A Russian trawler accused of illegally fishing off Norway and evading prosecution entered Russian waters Wednesday, and two Norwegian inspectors on board were set to be transferred back to a Norwegian vessel, officials said. The trawler, Elektron, had been seized Saturday by a Norwegian Coast Guard vessel for alleged fisheries violations but fled the cutter escorting it to port and headed to Russia's waters with the Norwegian inspectors still on board.
Elektron entered Russian waters early Wednesday, with Russian and Norwegian vessels escorting from their respective sides of the border, naval spokesman Igor Dygalo said, according to the Interfax news agency.
Dygalo said the two inspectors would be transferred Thursday to a Norwegian vessel, which will be allowed access to Russian waters for the transfer, Dygalo said. Earlier plans envisaged using two intermediary Russian vessels to avoid letting the Norwegian ship into Russian waters.
"With the vessel now in Russian territorial waters, we expect the Norwegian inspectors to reach a Norwegian vessel or Norwegian territory as soon as possible," Norway's Foreign Minister Jonas Gahr Stoere said in a statement.
Both Russian and Norwegian officials sought to downplay the incident.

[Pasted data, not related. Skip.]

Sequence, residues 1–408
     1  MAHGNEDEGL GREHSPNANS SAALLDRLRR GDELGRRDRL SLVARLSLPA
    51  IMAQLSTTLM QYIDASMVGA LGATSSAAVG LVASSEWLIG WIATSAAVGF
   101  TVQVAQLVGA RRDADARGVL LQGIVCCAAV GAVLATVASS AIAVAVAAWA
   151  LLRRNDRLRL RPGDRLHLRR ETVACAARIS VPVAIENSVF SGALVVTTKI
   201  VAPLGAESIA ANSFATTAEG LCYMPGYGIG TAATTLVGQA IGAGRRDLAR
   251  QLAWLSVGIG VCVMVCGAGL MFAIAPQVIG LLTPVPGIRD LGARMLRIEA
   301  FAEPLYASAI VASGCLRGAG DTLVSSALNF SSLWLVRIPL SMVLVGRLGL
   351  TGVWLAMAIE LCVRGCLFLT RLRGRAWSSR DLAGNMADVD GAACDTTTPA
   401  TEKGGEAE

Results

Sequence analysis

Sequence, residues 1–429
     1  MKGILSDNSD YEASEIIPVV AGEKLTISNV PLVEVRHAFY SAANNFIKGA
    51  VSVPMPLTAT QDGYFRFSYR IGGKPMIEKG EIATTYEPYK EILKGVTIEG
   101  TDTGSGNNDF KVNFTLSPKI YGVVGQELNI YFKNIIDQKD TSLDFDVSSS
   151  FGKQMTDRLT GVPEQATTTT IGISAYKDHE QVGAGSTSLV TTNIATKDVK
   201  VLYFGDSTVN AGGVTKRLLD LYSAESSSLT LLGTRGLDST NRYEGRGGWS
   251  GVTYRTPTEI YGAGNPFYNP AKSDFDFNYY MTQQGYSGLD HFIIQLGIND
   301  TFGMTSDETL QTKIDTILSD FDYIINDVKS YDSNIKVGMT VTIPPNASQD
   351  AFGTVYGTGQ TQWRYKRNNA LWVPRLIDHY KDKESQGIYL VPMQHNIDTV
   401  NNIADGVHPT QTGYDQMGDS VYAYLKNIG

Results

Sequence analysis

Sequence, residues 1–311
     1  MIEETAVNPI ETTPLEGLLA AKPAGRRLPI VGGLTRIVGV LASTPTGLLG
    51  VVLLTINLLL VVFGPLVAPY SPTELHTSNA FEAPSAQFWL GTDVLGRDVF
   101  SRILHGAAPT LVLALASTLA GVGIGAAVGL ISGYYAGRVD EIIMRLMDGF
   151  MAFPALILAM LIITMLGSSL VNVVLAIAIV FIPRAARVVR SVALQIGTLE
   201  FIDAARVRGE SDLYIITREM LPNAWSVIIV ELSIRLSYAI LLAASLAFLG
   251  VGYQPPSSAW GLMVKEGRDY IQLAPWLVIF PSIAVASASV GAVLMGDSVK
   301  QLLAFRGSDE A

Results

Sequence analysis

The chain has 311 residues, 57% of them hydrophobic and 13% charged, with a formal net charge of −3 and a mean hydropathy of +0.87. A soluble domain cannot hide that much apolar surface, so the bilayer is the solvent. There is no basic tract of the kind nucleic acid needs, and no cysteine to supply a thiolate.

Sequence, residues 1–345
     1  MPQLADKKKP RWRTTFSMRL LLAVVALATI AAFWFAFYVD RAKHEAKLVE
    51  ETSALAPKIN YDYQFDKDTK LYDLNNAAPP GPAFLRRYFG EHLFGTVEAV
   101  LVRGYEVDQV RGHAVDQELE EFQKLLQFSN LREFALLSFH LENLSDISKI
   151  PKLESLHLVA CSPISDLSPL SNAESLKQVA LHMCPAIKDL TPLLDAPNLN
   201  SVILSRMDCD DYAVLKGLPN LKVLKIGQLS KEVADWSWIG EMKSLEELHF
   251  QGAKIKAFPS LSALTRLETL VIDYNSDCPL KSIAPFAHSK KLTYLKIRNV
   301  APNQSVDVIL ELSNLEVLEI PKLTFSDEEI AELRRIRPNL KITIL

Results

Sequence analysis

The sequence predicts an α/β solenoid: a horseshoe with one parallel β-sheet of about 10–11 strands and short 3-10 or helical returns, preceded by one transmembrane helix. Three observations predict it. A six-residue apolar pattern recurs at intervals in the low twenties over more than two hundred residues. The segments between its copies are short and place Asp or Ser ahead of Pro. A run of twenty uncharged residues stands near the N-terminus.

Chief of Russia's Border Guard Service Vladimir Pronichev said Russia would assist its Norwegian colleagues in investigating the incident, according to the AP.
"If the crew violated the law while fishing, they will be made accountable," the ITAR-Tass news agency quoted him as saying.
Stoere said the cause would be followed up by Norwegian prosecutors, and stressed that this was a matter between Norwegian fisheries authorities and a private Russian trawler.
But the controversy appears to have been further aggravated by an incident with another Russian trawler, the Grigory Arlashkin, which was following Elektron and trying to prevent Norwegian vessels from arresting it, Russian media reported.
Grigory Arlashkin's captain claimed Norwegian navy officers threw a net from a helicopter that entangled the Russian ship's propeller, rendering it immobile and prompting it to seek help from rescue vessels.
Norwegian military officials denied that, according to ITAR-Tass.
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